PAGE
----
The boy heard no more of what the old cow said. He had opened the cowhouse door and gone across the yard, and in to the dead whom he had but lately been so afraid of.
It was not so poor in the cabin as he had expected. It was well supplied with the sort of things one generally finds among those who have relatives in America. In a corner there was an American rocking chair; on the table before the window lay a brocaded plush cover; there was a pretty spread on the bed; on the walls, in carved-wood frames, hung the photographs of the children and grandchildren who had gone away; on the bureau stood high vases and a couple of candlesticks, with thick, spiral candles in them.
The boy searched for a matchbox and lighted these candles, not because he needed more light than he already had; but because he thought that this was one way to honour the dead.
Then he went up to her, closed her eyes, folded her hands across her breast, and stroked back the thin gray hair from her face.
He thought no more about being afraid of her. He was so deeply grieved because she had been forced to live out her old age in loneliness and longing. He, at least, would watch over her dead body this night.
He hunted up the psalm book, and seated himself to read a couple of psalms in an undertone. But in the middle of the reading he paused—because he had begun to think about his mother and father.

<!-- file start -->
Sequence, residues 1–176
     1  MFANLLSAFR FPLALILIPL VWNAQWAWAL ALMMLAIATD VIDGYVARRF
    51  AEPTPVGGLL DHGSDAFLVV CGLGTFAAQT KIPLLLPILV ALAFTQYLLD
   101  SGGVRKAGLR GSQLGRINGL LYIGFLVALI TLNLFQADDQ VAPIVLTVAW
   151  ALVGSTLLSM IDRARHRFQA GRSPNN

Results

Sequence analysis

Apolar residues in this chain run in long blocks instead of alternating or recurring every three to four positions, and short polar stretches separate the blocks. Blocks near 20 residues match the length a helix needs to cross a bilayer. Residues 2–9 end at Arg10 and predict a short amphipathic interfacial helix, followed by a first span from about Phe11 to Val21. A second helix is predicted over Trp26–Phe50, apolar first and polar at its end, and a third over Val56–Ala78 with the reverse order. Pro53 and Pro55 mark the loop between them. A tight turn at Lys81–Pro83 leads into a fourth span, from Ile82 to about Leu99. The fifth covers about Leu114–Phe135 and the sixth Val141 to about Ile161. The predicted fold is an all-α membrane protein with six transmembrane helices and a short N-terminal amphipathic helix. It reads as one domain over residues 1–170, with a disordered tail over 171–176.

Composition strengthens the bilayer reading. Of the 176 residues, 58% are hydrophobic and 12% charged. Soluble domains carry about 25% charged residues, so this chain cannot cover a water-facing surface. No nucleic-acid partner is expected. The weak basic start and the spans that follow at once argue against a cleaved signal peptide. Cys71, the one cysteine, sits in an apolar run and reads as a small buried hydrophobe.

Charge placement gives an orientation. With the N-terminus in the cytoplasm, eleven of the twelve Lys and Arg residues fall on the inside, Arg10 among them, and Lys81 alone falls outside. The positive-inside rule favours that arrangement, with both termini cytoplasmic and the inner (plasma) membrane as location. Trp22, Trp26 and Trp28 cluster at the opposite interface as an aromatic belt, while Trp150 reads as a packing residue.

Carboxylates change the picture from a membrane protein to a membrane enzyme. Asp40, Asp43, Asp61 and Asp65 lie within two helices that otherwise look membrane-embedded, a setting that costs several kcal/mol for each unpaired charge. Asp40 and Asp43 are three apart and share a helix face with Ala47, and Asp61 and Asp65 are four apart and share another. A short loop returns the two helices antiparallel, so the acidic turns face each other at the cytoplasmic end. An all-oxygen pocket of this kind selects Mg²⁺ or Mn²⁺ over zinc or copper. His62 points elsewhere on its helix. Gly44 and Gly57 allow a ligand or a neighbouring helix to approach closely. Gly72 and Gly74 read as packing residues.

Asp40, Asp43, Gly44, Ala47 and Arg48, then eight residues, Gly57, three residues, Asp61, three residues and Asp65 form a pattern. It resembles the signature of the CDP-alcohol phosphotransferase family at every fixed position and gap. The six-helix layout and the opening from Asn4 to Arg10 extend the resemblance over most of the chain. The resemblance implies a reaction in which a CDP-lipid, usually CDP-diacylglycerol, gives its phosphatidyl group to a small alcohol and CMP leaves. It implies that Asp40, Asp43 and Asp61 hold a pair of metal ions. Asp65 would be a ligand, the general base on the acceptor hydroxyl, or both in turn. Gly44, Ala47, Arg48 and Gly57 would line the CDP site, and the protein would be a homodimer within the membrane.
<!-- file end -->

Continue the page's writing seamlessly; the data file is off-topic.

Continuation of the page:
Think, that parents can long so for their children! This he had never known. Think, that life can be as though it was over for them when the children are away! Think, if those at home longed for him in the same way that this old peasant woman had longed!
This thought made him happy, but he dared not believe in it. He had not been such a one that anybody could long for him.
But what he had not been, perhaps he could become.
Round about him he saw the portraits of those who were away. They were big, strong men and women with earnest faces. There were brides in long veils, and gentlemen in fine clothes; and there were children with waved hair and pretty white dresses. And he thought that they all stared blindly into vacancy—and did not want to see.
“Poor you!” said the boy to the portraits. “Your mother is dead. You cannot make reparation now, because you went away from her. But my mother is living!”
Here he paused, and nodded and smiled to himself. “My mother is living,” said he. “Both father and mother are living.”
FROM TABERG TO HUSKVARNA
Friday, April fifteenth.
The boy sat awake nearly all night, but toward morning he fell asleep and then he dreamed of his father and mother. He could hardly recognise them. They had both grown gray, and had old and wrinkled faces. He asked how this had come about, and they answered that they had aged so because they had longed for him. He was both touched and astonished, for he had never believed but what they were glad to be rid of him.